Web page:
Monday, December 5, 2011

The Health Minister must explain

Lockdown at RMAF base

24 trainee commandos in hospital for suspected leptospirosis infection
Friday, December 2nd, 2011 10:21:00
Bukit Jugra RMAF base

SHUTDOWN: Health Ministry officers will conduct checks at the Bukit Jugra RMAF base (top) while infected commandos are being housed in the maternity ward at Hospital Banting

BANTING: The Bukit Jugra RMAF base is under lockdown after 24 trainee commandos were admitted for suspected leptospirosis infection.

Two of them are in critical condition, while Health Ministry officials have descended on the army base since Monday to ensure there is no outbreak.

The trainees have been quarantined in the maternity ward of the Banting Hospital. Two of them are in critical condition, with one trainee transferred to the Kuala Lumpur Hospital yesterday.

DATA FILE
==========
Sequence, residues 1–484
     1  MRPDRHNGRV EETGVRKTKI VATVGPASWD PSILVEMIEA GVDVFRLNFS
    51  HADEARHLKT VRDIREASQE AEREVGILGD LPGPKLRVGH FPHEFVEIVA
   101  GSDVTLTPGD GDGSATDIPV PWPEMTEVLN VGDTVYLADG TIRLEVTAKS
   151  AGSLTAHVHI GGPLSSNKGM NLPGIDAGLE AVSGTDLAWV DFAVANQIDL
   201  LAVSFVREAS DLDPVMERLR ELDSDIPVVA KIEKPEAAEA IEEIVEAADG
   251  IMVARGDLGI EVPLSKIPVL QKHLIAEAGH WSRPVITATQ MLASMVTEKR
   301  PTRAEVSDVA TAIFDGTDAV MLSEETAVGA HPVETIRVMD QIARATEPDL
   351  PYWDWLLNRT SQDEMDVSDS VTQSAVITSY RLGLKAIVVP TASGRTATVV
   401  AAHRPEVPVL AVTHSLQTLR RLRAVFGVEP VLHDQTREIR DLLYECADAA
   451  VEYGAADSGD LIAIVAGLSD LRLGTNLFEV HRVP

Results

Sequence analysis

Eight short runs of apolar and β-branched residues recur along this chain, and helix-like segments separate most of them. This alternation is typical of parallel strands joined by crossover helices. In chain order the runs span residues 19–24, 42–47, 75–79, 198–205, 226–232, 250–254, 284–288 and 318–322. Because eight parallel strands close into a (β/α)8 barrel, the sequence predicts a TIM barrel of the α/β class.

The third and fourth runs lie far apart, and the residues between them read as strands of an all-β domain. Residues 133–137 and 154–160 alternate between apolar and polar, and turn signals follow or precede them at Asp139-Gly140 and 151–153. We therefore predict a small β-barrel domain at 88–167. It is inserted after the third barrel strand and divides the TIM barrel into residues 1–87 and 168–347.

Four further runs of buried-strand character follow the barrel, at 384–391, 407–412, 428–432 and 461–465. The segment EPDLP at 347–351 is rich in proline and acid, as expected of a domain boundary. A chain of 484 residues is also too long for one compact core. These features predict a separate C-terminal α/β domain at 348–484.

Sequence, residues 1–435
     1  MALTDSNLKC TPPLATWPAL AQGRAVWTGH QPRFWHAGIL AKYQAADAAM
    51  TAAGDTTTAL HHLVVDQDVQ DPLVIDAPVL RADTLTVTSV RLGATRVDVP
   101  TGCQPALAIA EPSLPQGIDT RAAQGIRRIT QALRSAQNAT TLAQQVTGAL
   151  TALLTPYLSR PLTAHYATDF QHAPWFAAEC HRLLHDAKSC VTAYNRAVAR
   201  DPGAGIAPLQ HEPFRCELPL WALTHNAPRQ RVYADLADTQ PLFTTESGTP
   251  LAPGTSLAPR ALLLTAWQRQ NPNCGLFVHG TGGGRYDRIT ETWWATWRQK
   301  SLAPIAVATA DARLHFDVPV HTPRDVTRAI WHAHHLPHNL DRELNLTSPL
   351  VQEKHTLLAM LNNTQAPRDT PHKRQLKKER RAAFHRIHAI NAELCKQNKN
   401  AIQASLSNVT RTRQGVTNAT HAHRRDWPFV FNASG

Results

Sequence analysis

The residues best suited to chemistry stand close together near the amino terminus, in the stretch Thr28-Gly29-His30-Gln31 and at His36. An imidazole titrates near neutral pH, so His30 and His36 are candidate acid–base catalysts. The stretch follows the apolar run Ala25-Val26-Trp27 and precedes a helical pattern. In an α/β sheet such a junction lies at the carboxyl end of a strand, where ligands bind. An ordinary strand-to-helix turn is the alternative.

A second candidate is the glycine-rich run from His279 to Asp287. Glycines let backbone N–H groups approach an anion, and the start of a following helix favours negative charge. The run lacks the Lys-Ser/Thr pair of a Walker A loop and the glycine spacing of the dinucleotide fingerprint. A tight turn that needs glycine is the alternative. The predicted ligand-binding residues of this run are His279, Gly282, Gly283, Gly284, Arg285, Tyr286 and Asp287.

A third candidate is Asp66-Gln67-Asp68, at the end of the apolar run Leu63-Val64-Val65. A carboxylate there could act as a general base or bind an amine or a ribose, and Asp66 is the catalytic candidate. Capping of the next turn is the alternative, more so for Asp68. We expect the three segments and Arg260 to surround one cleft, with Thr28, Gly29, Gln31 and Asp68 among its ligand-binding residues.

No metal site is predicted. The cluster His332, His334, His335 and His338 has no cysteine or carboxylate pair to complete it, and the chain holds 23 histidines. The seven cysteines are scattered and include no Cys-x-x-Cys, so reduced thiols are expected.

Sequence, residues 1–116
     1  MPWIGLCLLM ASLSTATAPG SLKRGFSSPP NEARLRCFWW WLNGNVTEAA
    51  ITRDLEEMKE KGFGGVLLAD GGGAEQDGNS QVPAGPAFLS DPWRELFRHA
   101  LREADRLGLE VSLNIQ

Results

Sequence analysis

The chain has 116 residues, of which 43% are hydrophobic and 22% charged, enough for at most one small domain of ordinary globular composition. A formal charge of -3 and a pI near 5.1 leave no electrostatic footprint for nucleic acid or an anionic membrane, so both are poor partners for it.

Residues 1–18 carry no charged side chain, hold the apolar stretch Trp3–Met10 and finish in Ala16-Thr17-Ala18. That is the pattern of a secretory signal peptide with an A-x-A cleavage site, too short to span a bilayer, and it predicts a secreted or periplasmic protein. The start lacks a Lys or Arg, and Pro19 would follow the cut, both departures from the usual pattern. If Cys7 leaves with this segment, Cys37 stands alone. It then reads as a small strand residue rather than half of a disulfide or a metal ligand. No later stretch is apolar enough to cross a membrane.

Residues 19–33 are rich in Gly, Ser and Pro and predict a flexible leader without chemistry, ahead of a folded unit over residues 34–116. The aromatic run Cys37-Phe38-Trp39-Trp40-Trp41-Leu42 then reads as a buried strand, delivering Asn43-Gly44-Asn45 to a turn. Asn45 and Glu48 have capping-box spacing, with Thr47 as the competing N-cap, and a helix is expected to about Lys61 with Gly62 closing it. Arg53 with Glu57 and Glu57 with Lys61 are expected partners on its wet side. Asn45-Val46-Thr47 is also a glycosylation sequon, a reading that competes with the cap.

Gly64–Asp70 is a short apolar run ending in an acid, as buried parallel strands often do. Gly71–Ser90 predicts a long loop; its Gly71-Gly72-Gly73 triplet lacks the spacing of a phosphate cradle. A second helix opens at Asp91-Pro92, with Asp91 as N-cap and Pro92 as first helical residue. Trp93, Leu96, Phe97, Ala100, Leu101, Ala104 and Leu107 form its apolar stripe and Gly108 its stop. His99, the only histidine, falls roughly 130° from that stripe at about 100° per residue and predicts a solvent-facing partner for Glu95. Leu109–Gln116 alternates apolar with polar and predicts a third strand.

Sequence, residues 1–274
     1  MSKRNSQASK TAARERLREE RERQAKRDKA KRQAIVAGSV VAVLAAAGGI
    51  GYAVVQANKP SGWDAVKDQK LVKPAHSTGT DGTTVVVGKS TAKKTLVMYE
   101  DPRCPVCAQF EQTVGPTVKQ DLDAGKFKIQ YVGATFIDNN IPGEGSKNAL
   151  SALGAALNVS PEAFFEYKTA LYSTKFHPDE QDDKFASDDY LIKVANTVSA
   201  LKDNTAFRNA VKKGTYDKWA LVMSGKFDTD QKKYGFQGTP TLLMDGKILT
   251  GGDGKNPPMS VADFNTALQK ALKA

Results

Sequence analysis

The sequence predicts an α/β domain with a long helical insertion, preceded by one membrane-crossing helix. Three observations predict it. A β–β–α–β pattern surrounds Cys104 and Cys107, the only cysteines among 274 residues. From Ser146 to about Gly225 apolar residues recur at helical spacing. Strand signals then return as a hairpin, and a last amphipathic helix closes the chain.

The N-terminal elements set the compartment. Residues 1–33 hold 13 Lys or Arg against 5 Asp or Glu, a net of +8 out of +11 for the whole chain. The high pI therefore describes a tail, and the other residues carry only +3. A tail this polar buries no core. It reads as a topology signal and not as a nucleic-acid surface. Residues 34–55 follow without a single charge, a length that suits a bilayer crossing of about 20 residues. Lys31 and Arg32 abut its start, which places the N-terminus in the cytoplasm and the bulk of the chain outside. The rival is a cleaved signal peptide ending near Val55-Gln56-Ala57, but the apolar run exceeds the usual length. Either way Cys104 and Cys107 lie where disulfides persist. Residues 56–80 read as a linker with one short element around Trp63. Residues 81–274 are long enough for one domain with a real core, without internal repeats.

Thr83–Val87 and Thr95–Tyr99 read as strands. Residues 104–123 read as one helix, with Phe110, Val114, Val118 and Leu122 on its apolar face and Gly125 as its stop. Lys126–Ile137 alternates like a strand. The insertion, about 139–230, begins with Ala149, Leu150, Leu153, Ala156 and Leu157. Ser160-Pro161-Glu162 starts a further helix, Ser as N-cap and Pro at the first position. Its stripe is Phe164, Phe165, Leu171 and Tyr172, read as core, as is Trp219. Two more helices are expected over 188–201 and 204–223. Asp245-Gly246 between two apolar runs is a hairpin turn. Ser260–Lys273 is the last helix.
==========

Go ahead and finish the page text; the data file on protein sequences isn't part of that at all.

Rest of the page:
The condition of the remaining 22 trainees was reported to be stable. Thery will be released only after tests are complete — expected to be in a few days.

According to sources, the patients were brought there on Monday evening for food poisoning.

A security guard said family members and friends of the trainees, who turned up at the hospital earlier in the day, were not allowed to enter the ward.

“They just sat here and waited for hours. All they wanted was to see the trainees, but no one was allowed to go in. They left after talking to doctors on duty,” he said.

The guards said they were given strict orders by the hospital management not allow anyone to enter.

A hospital staff who contacted The Malay Mail said they were given strict orders by hospital management and military commandants to keep the situation under wraps.